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Innovation

Sony VAIO: P is for portable, not perfect

If you're looking for something that nails the idea of the netbook, Sony has pretty much the full range of approaches in the VAIO series (leaving out budget): basic (the W series), the lightest computer you can think of but with a decent-sized screen and keyboard (the X series) or small enough to slip into a handbag or the back pocket of your jeans (the P series).

If you're looking for something that nails the idea of the netbook, Sony has pretty much the full range of approaches in the VAIO series (leaving out budget): basic (the W series), the lightest computer you can think of but with a decent-sized screen and keyboard (the X series) or small enough to slip into a handbag or the back pocket of your jeans (the P series). Despite the price I'd say these notebooks count as netbooks, because they have Atom processors - and they don't have the full set of features you expect in an ultraportable. And like some of the best netbooks, there's the element of fun.

The fashion colours - like orange and bright green - mean that people sometimes mistake the P series I've been using recently for a handbag when I put it down on the table at lunch. It's small enough to fit on the lunch table without needing its own place setting (and using OneNote means what I type over lunch is back on a PC big enough to work with when I get back to the office). The small size means a small battery but it's light enough that I'll carry it when I'm only going to use a PC for such a short time that I wouldn't bother taking a heavier machine - and this is a machine to use a bit when you need it, not sit in front of all day long. It's light enough that I'll put it in my handbag even when I'm not sure I'll definitely need it. It's not perfect, but it's definitely portable.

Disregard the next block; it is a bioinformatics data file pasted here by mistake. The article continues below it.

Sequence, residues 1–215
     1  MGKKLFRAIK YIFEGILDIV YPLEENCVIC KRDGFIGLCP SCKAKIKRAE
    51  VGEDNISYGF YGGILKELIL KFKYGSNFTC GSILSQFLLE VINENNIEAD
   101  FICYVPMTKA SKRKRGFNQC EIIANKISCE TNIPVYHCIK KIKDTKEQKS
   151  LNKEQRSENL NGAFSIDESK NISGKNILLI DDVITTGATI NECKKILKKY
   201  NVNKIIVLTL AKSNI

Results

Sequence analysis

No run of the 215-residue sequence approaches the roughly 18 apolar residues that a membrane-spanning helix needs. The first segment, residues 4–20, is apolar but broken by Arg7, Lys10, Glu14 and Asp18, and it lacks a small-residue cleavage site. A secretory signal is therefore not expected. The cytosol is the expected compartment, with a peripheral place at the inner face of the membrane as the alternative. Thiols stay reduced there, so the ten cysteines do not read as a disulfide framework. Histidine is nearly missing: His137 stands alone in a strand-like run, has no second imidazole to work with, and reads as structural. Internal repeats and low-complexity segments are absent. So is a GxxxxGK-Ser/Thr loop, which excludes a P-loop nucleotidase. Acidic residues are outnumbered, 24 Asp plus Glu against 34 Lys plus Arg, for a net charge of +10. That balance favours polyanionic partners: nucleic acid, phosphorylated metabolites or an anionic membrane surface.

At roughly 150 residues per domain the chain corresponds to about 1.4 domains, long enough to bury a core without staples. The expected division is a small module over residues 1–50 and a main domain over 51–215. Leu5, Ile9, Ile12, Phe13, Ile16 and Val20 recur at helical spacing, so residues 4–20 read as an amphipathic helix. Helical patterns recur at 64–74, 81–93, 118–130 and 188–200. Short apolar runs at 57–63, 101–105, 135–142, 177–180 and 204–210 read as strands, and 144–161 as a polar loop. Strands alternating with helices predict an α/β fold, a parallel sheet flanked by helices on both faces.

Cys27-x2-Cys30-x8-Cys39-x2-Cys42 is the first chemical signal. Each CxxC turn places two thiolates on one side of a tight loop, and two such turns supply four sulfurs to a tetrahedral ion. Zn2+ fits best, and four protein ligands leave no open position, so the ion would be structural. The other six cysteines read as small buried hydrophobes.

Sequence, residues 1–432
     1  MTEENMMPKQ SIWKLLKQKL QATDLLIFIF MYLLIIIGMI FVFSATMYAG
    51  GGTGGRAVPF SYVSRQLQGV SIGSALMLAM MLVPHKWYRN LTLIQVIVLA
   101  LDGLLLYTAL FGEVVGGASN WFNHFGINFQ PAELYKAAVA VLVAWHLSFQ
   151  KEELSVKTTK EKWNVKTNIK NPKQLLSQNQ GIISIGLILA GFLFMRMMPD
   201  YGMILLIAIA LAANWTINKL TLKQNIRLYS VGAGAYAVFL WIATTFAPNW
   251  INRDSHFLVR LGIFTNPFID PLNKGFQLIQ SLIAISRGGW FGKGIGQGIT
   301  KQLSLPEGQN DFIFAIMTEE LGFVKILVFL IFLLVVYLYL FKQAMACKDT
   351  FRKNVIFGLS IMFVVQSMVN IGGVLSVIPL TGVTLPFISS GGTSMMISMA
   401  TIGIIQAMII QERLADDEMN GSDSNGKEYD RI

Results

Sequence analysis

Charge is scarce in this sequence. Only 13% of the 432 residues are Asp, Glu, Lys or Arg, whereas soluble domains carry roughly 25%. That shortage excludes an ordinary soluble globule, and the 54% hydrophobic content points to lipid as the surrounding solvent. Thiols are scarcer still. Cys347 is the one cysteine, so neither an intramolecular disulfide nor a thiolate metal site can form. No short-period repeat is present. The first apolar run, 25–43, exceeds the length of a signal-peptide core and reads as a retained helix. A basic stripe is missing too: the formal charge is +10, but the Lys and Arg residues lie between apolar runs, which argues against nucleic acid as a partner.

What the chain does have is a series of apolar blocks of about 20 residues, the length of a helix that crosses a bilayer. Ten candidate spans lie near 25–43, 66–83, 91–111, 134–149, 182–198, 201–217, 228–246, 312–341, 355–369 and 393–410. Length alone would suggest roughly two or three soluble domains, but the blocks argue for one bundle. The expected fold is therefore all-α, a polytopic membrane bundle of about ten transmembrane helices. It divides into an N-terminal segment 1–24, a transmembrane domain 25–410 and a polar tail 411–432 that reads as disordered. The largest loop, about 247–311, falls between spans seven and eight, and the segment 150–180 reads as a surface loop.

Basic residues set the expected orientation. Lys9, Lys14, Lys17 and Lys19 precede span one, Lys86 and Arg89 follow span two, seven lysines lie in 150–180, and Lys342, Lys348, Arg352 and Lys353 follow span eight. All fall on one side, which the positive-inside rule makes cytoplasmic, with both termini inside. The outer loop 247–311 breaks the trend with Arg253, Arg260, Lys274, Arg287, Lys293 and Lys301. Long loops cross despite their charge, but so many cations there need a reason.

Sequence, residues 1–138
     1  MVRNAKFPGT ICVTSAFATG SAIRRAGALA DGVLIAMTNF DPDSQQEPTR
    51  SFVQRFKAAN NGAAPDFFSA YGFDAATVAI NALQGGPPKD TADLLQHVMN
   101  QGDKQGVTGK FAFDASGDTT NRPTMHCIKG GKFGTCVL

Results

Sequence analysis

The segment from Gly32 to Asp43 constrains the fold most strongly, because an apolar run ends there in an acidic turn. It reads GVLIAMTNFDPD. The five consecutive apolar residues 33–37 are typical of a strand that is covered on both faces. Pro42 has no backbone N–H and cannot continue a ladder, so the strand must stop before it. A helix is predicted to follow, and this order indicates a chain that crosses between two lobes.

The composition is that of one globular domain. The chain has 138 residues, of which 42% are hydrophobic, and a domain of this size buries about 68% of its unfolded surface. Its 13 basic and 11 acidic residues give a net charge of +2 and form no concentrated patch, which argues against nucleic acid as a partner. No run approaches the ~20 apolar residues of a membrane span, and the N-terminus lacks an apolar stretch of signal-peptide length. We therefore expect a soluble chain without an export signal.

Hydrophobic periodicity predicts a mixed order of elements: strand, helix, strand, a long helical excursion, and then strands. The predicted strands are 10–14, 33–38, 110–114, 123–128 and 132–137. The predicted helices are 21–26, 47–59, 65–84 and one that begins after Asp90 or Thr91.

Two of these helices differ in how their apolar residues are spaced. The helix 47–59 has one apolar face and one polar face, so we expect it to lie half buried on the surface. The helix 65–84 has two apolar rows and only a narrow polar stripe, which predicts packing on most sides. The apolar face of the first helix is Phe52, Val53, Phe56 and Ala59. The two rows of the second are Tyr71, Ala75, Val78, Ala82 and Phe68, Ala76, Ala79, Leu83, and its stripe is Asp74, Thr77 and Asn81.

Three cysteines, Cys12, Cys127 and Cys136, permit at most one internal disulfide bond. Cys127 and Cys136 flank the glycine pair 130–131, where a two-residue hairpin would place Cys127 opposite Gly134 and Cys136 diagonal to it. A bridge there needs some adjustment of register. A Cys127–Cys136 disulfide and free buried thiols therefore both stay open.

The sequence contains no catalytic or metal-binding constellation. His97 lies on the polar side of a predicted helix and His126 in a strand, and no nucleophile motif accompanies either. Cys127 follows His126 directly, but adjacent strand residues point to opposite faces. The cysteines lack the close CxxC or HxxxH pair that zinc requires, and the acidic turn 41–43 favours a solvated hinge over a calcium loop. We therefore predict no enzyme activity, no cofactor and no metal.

My favourite feature after the size and weight is hugely useful, utterly simple and something I don't know why every manufacturer doesn't do. All notebooks have a sensor that detect when you close the lid to put your PC to sleep; Sony uses the same sensor to detect when you open the lid and turns the VAIO P on automatically. That's a few seconds shaved off the time it takes to get Windows going and one less thing to do when you're in a hurry.

The widescreen form factor means you get a decent keyboard even in the eight inches of space; far more usable than the keyboard on a 7" netbook like the original EEE PC - and the separated 'chiclet' keys have plenty of travel and excellent action so you can actually type.

The disadvantage of the screen ratio is that things don't quite fit. Dialogs are truncated by the bottom of the screen, buttons are out of reach.

The screen resolution neatly cuts the Save button off this dialog

You can scroll down, with the trackball or the touchpad that's set next to the screen - or you can press the button that cycles between different resolutions. That way you can zoom out for buttons, zoom in to read things - it's not perfect, but it helps.

Switch to higher resolution and everything fits - but it can be a little too small to read so you'll keep switching from time to time

What I find myself wishing for most is a touchscreen - especially after I've been using the touchscreen HP EliteBook 2740p tablet for a while. If you could reach up and swipe down on screen to get to the rest of the dialog the way you can with a Web page on athe EliteBook - or a 4" smartphone, not being able to see it all at once would be much less irritating.

Windows 8 needs to make it easier to work on smaller screen sizes for tablets and tiny devices like this (and incidentally, if you tried the first VAIO P with Vista on, Windows 7 is a world away from that chugging performance).

On a small screen like this, you start to want elements of the Windows UI to make themselves much smaller; what's a subtle frame at a normal size leaves room for only a few entries in the list on the VAIO P

I know people who use a netbook as their only computer. I can't see anyone doing that with the VAIO P: this is very much a second (or third) PC. You have to be on the move a lot, care about size and weight enough to put up with the compromises - and you'll be happier about the price if you think colour and style is worth paying for.

Mary Branscombe

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